Monetarist Theory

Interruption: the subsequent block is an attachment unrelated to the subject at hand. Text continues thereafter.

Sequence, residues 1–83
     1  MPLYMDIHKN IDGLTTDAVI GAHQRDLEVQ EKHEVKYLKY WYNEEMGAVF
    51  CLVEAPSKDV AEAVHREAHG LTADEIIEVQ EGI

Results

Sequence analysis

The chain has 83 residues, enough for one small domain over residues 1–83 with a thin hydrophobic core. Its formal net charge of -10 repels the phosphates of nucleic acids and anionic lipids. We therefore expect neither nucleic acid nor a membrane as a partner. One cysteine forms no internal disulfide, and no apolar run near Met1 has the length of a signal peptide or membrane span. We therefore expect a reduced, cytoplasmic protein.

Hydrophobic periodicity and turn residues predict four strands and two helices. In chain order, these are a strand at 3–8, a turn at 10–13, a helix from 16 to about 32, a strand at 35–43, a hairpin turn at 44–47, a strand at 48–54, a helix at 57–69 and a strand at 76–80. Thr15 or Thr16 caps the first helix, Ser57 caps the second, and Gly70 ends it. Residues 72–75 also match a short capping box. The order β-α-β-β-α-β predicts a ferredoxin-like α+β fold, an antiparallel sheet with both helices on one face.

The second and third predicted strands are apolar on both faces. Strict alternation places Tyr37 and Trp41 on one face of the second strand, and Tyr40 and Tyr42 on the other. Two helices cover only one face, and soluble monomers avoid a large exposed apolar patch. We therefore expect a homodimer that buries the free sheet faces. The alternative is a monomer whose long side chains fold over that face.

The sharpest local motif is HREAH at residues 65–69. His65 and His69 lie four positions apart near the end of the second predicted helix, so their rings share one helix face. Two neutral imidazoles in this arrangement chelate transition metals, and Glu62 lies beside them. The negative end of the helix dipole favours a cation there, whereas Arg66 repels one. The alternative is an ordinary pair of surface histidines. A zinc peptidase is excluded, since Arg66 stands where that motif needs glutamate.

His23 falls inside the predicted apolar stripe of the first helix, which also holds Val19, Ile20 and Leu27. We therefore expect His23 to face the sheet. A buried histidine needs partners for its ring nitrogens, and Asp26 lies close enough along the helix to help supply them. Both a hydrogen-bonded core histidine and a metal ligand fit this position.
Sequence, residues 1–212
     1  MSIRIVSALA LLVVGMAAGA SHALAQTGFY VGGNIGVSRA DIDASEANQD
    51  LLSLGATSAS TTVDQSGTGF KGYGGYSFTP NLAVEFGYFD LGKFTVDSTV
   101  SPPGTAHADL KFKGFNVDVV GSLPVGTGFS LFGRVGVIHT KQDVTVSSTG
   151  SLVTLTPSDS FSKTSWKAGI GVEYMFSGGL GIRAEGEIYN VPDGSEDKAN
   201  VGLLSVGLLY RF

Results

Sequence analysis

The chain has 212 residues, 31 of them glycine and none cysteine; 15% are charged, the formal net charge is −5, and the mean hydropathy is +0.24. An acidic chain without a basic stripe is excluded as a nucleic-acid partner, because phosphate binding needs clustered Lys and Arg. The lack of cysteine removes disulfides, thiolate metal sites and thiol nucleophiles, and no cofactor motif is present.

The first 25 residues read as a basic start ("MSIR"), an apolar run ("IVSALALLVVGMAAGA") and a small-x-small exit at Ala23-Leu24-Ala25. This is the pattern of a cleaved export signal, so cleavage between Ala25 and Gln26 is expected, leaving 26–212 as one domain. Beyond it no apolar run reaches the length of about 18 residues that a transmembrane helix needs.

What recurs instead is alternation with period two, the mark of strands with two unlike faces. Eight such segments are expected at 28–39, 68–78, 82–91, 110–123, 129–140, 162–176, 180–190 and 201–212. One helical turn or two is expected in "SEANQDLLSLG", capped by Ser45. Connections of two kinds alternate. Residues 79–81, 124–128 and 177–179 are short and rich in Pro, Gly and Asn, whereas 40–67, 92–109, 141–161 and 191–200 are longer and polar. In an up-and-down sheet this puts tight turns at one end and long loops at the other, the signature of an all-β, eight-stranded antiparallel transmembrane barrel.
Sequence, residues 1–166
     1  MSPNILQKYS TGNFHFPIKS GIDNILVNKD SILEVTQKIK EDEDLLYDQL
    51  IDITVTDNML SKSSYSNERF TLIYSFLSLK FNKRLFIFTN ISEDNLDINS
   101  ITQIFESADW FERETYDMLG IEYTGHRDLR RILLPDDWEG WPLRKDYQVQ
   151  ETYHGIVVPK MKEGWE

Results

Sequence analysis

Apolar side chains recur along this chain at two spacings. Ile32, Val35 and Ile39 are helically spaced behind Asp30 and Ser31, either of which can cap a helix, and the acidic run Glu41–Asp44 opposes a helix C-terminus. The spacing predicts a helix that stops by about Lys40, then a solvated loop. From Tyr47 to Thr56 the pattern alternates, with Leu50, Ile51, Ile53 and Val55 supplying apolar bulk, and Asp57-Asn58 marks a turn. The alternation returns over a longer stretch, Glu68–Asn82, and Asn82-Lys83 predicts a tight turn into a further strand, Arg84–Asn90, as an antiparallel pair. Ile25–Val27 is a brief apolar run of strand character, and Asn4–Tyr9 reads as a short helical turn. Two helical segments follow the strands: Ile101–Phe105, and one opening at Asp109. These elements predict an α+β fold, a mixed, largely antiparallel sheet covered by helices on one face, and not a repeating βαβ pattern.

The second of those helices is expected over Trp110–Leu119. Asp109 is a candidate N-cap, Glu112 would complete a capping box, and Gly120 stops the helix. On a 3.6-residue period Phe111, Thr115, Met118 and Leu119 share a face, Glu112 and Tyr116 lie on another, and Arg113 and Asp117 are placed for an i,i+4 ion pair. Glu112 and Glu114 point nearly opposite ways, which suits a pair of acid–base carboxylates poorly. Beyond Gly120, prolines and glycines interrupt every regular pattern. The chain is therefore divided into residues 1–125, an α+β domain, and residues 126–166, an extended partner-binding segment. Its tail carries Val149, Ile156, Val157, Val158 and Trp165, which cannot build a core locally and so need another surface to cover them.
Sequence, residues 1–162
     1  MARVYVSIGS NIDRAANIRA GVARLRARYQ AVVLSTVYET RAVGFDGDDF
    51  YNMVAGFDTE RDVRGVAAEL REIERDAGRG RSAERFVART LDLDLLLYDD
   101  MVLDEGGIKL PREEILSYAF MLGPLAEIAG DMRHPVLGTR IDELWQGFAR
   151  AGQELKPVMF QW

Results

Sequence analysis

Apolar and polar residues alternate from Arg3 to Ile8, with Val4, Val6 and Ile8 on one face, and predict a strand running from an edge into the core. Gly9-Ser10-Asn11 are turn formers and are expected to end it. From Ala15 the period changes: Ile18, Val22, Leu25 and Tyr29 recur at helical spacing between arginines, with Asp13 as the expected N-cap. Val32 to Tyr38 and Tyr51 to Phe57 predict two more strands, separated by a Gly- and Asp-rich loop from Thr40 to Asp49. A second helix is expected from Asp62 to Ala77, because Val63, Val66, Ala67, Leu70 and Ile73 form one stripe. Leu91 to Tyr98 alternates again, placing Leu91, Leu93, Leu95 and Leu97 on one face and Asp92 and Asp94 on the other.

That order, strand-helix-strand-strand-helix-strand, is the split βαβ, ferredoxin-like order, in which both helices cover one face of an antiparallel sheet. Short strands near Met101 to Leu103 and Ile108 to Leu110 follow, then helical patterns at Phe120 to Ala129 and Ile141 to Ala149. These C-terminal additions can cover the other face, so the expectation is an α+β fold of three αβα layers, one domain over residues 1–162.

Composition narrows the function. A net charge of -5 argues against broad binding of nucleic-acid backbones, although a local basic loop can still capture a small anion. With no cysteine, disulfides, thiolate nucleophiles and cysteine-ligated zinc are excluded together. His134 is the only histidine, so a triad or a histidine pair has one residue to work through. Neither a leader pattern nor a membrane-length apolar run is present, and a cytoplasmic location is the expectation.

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Economic theories explore the relationships linking changes in the money supply to changes in economic activity and prices. With a mixture of theoretical ideas, philosophical beliefs, and policy prescriptions, these theories can help elaborate on both historic and current financial situations. For instance, the general understanding of the monetarist theory, founded by economist Milton Friedman, focuses on macroeconomic activities that examine the impact of changes in the money supply and central banking. This economic school of thought theoretically challenges Keynesian economics (OnlineTexts) to contend that variations in the money supply are the most significant determinants of the rate of economic growth, the behavior of the business cycle, the national output in the short run, and the price level over longer periods of time (Investopedia). Through the developments from other theories, more laissez-faire government approaches, and the use of the quantity theory of money, monetarism has dramatically impacted and helped explain changes in monetary policy and the banking system for nearly one hundred years. To fully grasp this economic theory, the history behind it and what influenced its existence must be understood. Following the Great Depression, Keynesian economics mainly dominated the United States as well as countries globally. This economic theory focused on total spending in the economy and its effects on output and inflation (Blinder). Keynesians traditionally saw fiscal policy as the key tool for economic management, believed monetary policy should simply be used as a backup, and believed that the government’s role was to maintain the economy at full employment (Biz/Ed). This theory also emphasized interest rates as a target of monetary policy, raising rates to slow down the economy and reducing rates to speed things up (Allen 283). Although these views were the main focus for some time, many economists saw that the theory was leaving most of our economic problems unexplained. As Keynesian economics seemed unable to explain or cure the seemingly contradictory problems of rising unemployment and inflation (Allen 284) economits like Milton Friedman began making different, more accurate observations. Monetarism’s rise to intellectual prominence began with writings on basic monetary theory by Friedman and other economists during the 1950s (McCallum). These proposals were influential because of their devotion to fundamental neoclassical principles, particularly Friedman’s presidential address to the American Economic Association in 1967, published in 1968 as “The Role of Monetary Policy.” In this paper Friedman developed the natural-rate hypothesis and used it as a pillar in the argument for less government intervention and a constant-growth-rate rule for monetary policy (McCallum). From this point the monetarist theory drew its roots from two almost entirely opposing ideas, the hard money policies that dominated monetary thinking in the late 19th century, and the theories of Keynesian economics (Wikipedia). While Keynes had focused on total spending and the value stability of currency which resulted with problems based on an insufficient money supply, Friedman centered on price stability acting as the equilibrium between supply and demand for money (Wikipedia). Friedman and other monetarists began challenging Keynesian ideas and strongly started to suggest that "money does not matter” (Wikipedia). Monetarist’s goals involved seeking to explain present problems while also striving to interpret historical ones. Since monetarists strongly believe that the money supply is the primary determinant of nominal GDP in the short run and of the price level in the long run, they stress that the control of the money supply should not be left to the discretion of central bankers and that the focus should shift to a more laissez-faire approach for the banking system (OnlineTexts). Monetarists do not believe that the government...
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